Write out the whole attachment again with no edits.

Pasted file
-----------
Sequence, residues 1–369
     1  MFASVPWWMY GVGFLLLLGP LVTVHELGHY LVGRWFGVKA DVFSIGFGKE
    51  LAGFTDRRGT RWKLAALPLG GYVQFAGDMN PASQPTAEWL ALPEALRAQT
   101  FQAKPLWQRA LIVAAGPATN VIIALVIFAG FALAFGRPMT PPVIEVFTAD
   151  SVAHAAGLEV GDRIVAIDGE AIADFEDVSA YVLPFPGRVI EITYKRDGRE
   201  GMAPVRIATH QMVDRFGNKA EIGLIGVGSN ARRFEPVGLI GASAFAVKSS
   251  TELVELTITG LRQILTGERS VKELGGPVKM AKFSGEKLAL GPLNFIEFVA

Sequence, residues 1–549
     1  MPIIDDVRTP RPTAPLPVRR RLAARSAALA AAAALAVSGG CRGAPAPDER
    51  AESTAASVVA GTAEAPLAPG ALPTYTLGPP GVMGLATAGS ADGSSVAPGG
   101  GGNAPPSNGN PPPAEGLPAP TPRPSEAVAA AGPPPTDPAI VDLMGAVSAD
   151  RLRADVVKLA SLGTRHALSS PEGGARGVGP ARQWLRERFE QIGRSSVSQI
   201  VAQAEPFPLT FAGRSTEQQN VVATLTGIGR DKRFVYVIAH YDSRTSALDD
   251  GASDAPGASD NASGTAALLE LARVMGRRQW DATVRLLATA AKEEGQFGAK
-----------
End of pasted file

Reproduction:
Sequence, residues 1–369
     1  MFASVPWWMY GVGFLLLLGP LVTVHELGHY LVGRWFGVKA DVFSIGFGKE
    51  LAGFTDRRGT RWKLAALPLG GYVQFAGDMN PASQPTAEWL ALPEALRAQT
   101  FQAKPLWQRA LIVAAGPATN VIIALVIFAG FALAFGRPMT PPVIEVFTAD
   151  SVAHAAGLEV GDRIVAIDGE AIADFEDVSA YVLPFPGRVI EITYKRDGRE
   201  GMAPVRIATH QMVDRFGNKA EIGLIGVGSN ARRFEPVGLI GASAFAVKSS
   251  TELVELTITG LRQILTGERS VKELGGPVKM AKFSGEKLAL GPLNFIEFVA

Sequence, residues 1–549
     1  MPIIDDVRTP RPTAPLPVRR RLAARSAALA AAAALAVSGG CRGAPAPDER
    51  AESTAASVVA GTAEAPLAPG ALPTYTLGPP GVMGLATAGS ADGSSVAPGG
   101  GGNAPPSNGN PPPAEGLPAP TPRPSEAVAA AGPPPTDPAI VDLMGAVSAD
   151  RLRADVVKLA SLGTRHALSS PEGGARGVGP ARQWLRERFE QIGRSSVSQI
   201  VAQAEPFPLT FAGRSTEQQN VVATLTGIGR DKRFVYVIAH YDSRTSALDD
   251  GASDAPGASD NASGTAALLE LARVMGRRQW DATVRLLATA AKEEGQFGAK